Themes

GOLD MINING    •    GOLD IN NATURE    •    GOLD IN SOCIETY    •    GOLD IN ART

Creation of Gold Districts

Detail of a survey plan of the gold district of Oldham, showing the lots laid out.

Upon the announcement of the discovery of gold on the eastern shore of Nova Scotia in 1860, hundreds rushed to the area with picks and shovels. The scene was chaotic and landowners asked the government for protection.

Two gold districts were established in 1861 and others followed as news of gold discoveries in various locations along Nova Scotia’s eastern and south shores caused a stampede of the hopeful. In total, Nova Scotia had 65 gold districts around the province with lands surveys laying off lots of 50 feet by 20 feet to be leased by the Crown.

Survey plan of the gold district of Oldham showing lots laid out.

Plan map of the Oldham Gold District ca. 1864.

N.S. Department of Natural Resources Historical Mine Photo Collection.

Detail of a survey plan of the gold district of Oldham, showing the lots laid out.

Detail of plan map of the Oldham Gold District ca. 1864.

N.S. Department of Natural Resources Historical Mine Photo Collection.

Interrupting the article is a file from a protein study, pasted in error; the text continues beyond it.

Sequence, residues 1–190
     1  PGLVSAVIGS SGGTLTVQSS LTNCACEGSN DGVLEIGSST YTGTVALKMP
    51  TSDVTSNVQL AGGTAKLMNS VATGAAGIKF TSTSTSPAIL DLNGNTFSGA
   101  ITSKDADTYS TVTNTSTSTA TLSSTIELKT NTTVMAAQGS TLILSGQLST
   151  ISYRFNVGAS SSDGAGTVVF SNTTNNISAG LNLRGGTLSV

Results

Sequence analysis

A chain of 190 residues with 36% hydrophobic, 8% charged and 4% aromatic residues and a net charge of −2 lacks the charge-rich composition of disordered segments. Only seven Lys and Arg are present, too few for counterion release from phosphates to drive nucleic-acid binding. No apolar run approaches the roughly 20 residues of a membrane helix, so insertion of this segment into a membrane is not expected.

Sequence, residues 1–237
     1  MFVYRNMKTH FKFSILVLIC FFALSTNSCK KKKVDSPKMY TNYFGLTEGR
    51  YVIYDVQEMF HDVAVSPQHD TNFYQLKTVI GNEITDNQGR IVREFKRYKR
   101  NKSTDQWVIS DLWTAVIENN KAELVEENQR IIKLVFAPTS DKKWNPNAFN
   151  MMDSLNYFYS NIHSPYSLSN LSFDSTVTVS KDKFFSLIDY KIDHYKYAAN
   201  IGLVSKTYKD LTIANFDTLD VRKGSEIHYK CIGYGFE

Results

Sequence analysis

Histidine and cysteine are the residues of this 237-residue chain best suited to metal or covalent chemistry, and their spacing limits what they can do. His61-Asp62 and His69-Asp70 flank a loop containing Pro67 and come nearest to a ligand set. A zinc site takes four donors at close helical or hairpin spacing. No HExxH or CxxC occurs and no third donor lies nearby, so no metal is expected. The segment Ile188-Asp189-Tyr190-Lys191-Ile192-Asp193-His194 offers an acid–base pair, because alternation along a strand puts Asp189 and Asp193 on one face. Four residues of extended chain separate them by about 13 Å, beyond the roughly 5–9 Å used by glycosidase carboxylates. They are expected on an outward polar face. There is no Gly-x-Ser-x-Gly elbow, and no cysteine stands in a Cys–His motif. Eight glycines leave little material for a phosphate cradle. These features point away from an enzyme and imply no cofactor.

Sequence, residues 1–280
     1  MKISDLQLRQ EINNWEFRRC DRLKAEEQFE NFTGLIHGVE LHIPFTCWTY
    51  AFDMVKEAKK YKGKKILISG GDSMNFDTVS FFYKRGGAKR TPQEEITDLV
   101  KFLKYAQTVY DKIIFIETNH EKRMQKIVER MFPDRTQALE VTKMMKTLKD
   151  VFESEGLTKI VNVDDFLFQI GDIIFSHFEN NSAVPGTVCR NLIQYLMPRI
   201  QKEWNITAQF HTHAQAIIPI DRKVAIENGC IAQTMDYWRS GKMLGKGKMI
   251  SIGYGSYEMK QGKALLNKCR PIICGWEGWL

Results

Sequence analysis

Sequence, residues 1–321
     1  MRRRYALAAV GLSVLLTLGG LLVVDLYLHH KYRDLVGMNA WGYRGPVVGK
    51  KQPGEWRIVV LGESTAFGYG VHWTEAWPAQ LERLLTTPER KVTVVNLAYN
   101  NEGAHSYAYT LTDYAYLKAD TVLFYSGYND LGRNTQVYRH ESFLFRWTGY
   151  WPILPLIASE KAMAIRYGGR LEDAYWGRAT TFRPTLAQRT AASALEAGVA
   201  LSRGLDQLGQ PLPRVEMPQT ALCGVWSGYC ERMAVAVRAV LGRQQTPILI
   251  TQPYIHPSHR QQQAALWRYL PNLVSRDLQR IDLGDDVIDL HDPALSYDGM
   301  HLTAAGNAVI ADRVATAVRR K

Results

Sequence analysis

Watercolour painting showing two men at the mouth of a gold mine shaft in Oldham, NS.

Oldham Gold District, Whitehead, N.E., c. 1870. Watercolour painting by Frederick B. Nichols.

AGNS: 2011.264

Black and white photograph of tributers around the opening of a mine shaft.

Tributers at the Goldenville Gold District.

DNR: Index of Historical Mining Photography, Nova Scotia 1870c-1960c.

Nova Scotians were intent on avoiding the trials and tribulations of the disorganized gold rushes in California and Australia.

"In other Countries, the discovery of gold has attracted mixed multitudes to the mines, of which the reckless and dissolute have often formed a large proportion. Robbery, riot and murder, have characterized these mixed communities, both in California and Australia. In Nova Scotia, Gold mining, like everything else, has developed itself in an orderly and law-abiding spirit." Joseph Howe, Provincial Secretary, 1861.